I AM always taken aback when someone asks me how much time I devote to marketing. Every single thing I do is marketing.
Talking to strangers at seminars or group meetings or even in lifts or taxis is marketing. Customer service is part of marketing.
I am an unabashed, relentless, promoter of my services and products. I get the drive from the love I have for my business.
Here are a few suggestions on how you can attract and retain customers, and extend your relationship with them.
1. Learn from others
If you want to improve your marketing efforts, you need to attend seminars, read books and articles on marketing.
Talk to colleagues (a professional friend with whom you share target markets but don't sell the same product or service) about how they attract and retain their customers.
It's important to accept that many of the tips and techniques may not be appropriate for you. However, if you open your mind, you will come up with a version of the idea that may be perfect for you and your business.
2. Connect with people
Don't overlook the effectiveness of the "schmooze factor". That is just talking and having fun with customers. I experienced a good example of the schmooze factor with an airport shuttle service driver recently.
I won't ride in silence in elevators or taxis, so I always ask fellow commuters if they're going or coming from somewhere fun. Well, the driver jumped into the conversation and kept it wonderfully entertaining for the entire 40 minutes to the airport.
We all tipped her at least double what we would have because she made it so much fun.
Be sure that when you schmooze, you keep the talk casual and fun without getting the least bit inappropriate or disrespectful.
3. Keep in touch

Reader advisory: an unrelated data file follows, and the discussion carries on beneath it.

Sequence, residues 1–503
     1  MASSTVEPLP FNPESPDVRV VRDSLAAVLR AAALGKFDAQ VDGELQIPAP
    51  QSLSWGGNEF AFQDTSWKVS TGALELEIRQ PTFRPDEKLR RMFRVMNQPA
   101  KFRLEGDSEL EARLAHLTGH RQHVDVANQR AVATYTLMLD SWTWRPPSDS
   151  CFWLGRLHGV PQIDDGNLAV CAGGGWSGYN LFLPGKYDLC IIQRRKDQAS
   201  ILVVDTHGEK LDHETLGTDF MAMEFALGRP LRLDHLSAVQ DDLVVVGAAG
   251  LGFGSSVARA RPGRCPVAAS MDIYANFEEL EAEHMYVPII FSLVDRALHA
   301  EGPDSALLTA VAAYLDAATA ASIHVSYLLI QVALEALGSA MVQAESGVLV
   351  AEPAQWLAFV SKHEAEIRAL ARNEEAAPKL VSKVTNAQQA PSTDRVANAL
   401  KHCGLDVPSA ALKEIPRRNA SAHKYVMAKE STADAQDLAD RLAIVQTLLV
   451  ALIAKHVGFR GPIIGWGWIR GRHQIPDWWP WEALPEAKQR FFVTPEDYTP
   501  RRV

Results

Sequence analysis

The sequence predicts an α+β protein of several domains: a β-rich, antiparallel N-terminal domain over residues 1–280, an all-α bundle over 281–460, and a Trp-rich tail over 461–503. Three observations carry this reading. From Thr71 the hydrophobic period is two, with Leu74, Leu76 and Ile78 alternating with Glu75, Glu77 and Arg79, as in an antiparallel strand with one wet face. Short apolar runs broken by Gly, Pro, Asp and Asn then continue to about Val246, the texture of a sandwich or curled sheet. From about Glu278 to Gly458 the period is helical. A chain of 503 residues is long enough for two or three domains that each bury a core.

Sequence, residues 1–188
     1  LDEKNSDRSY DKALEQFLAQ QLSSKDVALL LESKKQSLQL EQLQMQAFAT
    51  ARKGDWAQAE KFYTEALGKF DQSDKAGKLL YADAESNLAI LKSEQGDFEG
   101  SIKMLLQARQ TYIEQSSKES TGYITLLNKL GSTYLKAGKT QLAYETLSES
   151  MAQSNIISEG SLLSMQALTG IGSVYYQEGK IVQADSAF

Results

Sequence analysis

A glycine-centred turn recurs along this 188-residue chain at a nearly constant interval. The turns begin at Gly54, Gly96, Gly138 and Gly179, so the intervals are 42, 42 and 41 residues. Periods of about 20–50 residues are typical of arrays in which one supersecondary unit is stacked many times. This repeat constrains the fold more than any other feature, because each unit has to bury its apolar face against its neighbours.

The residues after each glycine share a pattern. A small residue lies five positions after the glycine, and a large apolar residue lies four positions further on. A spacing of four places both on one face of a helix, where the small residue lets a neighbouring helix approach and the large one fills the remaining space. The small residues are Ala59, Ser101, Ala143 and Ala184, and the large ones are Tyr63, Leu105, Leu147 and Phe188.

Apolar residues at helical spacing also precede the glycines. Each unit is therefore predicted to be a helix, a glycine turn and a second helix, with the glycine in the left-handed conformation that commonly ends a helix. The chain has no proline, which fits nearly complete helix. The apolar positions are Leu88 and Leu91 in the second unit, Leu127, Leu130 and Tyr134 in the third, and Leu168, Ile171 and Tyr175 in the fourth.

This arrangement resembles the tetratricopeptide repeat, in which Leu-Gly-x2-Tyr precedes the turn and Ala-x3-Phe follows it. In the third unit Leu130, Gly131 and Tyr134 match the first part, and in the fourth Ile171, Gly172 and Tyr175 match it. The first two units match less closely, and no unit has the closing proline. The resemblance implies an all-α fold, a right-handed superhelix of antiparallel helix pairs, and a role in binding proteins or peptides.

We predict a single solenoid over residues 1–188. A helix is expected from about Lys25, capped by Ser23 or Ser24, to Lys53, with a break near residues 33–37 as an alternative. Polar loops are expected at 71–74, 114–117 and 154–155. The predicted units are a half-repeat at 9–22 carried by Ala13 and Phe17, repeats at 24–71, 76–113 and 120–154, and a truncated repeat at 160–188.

Don't let your customers forget you. Keep in touch with them consistently.
One or two months after a sale, write your customers a note and ask them how they are enjoying their purchase. Call or write again on the anniversary of their purchase.
If you see something in a periodical that you think your customers would be interested in, send them a copy of it along with a note.
Write a regular newsletter. Be sure to include information that will be of value to them as well as news about you and your latest products/services and charges.
If you have not gone high-tech, create (or have someone do it for you) a website on the Internet. You'll reach people you might not have expected to.
Your website also works as a sales and marketing person 24 hours a day and never asks for overtime pay!
4. Handy reminders
Give your customers something valuable they will keep, such as little specialty-advertising items on which you have your name printed.
Meet an advertising specialty firm to see what items would be valuable to your customers - things that they would keep on their desks, in wallets or kitchens.
They'll see your name often and when they want to reach you, they can simply take your number off that refrigerator magnet or highlighter marker you gave them.
When I owned a hairstyling salon, I trained my stylists to ask their customers if they wanted to set their next hair appointment. I explained that it was part of our service to keep their hair looking its best.
What can you do to remind your customers when it is time to consider your service/product again?
5. Smart cards
Have you ever given a stack of your business cards to friends or customers for them to distribute? How often do you think the cards actually get distributed?
I don't leave anything to chance. When I was in the hairstyling business, with each haircut, I always gave my clients three of my business cards. I said: "One for you, two for the next two people who tell you how good you look."
Two cards are easier, and more likely to be handed out than a handful. Even if you don't have a hairstyling business, think about how you can make this technique work for you.
Remember, life is a series of sales situations. No matter how successful your business is, don't stop marketing. You have to keep convincing your customers that with you they will get the best and memorable service.
Article by Patricia Fripp, a San Francisco-based executive speech coach, sales trainer, award-winning professional speaker and author of Get What You Want! and Make It, So You Don't Have to Fake It. Contact her at PFripp@Fripp.com or visit her website: www.fripp.com